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15 - The novel beyond modernity

from Part 3 - The twentieth century

Published online by Cambridge University Press:  28 May 2006

Harriet Turner
Affiliation:
University of Nebraska, Lincoln
Adelaida López de Martínez
Affiliation:
University of Nebraska, Lincoln
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Summary

When we look back at Spanish modern literary historiography it soon becomes evident that Spain's literary corpus as a whole was often and overly conceptualized as “different” in relation to the Western European canon. Inversely, when reviewing Spain's current literary critique on Spanish postmodern production – that is, from 1975 onwards – it is also strikingly evident that what is usually expressed is its “normalcy.”

Spain’s formerly assigned non-modern literary “difference” as well as its current post-modern “normalcy” cannot be understood as an isolated cultural phenomenon but, rather, as part of a broader constellation. Although profoundly cultural, the process-formation of “Spanish difference” or “Spanish normalcy,” as conceptual designators for the non-modern and the post-modern respectively, widely surpasseses the literary. It ultimately relates to Spain’s intervention vis à vis the history of capital development – Spain’s initial and increasing estrangement from modernity starting with the shift in imperial economic power in the late seventeenth century from the Spanish via the Netherlands to the English and ultimately, to Anglo-America, and its final plunge into the new contemporary post-modern world economy after 1975.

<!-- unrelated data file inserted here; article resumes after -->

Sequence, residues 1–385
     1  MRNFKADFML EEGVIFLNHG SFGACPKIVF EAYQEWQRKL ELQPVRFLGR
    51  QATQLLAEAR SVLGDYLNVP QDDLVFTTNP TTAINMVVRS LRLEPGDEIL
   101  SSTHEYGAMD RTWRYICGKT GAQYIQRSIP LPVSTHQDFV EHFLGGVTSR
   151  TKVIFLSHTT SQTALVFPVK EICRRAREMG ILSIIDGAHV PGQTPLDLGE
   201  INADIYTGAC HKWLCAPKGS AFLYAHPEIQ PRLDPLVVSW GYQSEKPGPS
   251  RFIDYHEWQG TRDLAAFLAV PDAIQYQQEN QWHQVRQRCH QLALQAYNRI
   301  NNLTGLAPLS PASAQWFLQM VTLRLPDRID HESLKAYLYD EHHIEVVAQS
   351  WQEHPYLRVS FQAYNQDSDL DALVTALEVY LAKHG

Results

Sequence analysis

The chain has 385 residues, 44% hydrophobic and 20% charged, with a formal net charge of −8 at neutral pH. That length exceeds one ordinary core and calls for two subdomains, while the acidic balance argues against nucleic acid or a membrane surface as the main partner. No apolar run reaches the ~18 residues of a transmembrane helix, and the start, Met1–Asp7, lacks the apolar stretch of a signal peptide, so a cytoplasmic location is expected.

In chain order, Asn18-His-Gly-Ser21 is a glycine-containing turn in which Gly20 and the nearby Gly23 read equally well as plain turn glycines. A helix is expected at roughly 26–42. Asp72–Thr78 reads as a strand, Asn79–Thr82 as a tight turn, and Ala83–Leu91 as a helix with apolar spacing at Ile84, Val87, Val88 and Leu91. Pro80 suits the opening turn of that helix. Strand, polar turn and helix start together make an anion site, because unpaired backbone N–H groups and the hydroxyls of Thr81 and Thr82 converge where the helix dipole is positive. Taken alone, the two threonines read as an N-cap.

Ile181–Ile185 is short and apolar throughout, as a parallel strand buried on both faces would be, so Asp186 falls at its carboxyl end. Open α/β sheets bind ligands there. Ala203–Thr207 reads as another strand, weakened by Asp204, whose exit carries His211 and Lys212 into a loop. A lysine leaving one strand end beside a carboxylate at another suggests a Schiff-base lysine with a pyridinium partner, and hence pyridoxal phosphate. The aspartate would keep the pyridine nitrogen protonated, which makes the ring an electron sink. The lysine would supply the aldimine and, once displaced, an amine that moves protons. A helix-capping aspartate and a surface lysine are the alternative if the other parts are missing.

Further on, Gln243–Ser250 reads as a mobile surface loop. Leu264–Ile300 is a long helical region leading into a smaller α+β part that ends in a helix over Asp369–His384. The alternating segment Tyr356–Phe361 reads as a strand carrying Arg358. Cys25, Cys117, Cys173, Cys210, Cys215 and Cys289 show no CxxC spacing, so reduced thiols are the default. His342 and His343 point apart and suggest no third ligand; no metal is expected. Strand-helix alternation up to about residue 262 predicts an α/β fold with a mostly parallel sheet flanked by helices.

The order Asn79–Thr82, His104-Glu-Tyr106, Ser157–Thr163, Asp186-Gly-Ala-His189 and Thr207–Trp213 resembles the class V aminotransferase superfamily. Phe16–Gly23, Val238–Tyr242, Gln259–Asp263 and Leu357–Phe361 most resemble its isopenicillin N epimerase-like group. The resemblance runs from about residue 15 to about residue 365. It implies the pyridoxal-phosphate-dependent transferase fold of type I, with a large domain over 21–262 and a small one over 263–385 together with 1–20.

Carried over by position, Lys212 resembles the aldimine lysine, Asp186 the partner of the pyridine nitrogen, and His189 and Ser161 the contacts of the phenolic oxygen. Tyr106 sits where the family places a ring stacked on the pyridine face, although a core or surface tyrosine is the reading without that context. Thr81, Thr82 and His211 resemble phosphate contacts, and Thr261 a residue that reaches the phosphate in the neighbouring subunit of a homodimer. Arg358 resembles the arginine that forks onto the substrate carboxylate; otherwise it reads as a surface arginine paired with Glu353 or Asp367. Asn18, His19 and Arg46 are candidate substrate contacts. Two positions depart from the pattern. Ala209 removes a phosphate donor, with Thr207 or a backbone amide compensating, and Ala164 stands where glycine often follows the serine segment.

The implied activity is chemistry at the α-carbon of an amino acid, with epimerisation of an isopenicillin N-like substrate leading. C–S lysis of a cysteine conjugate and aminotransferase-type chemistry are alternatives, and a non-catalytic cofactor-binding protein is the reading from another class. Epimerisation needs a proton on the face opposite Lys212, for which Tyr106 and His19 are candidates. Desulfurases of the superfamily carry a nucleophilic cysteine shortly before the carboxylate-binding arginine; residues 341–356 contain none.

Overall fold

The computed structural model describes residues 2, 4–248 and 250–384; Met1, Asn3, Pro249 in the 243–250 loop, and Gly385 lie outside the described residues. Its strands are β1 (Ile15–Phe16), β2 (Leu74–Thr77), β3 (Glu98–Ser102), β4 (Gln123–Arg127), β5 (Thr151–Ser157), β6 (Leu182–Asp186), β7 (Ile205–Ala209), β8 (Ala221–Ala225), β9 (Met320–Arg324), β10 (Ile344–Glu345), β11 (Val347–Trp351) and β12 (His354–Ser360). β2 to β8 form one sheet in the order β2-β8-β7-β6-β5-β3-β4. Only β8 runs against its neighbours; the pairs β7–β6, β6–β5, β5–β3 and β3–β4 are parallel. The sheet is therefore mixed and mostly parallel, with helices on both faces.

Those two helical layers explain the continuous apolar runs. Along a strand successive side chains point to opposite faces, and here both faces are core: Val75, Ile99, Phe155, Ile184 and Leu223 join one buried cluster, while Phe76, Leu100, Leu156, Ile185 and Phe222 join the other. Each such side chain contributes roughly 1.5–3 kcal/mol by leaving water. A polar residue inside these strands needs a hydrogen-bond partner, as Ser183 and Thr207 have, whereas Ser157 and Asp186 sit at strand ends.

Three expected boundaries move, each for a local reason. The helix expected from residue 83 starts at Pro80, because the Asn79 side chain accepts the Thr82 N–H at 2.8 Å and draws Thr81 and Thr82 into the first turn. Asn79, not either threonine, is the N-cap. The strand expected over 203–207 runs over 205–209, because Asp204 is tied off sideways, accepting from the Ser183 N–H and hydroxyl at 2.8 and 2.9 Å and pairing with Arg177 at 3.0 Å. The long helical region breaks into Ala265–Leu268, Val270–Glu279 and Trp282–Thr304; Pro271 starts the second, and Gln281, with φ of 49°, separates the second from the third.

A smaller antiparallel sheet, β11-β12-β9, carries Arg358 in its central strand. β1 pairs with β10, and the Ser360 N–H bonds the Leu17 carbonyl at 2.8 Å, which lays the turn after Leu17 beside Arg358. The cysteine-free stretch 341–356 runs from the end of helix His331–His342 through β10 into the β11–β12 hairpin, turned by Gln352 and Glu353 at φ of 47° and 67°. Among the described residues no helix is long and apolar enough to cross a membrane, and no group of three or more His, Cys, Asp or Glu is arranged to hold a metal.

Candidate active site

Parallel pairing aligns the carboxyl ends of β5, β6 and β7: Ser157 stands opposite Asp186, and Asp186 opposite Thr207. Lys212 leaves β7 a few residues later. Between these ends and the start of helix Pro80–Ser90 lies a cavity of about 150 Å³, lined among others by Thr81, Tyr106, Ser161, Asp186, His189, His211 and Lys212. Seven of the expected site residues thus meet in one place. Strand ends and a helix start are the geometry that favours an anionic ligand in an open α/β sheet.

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The Cambridge Companion to the Spanish Novel
From 1600 to the Present
, pp. 251 - 263
Publisher: Cambridge University Press
Print publication year: 2003

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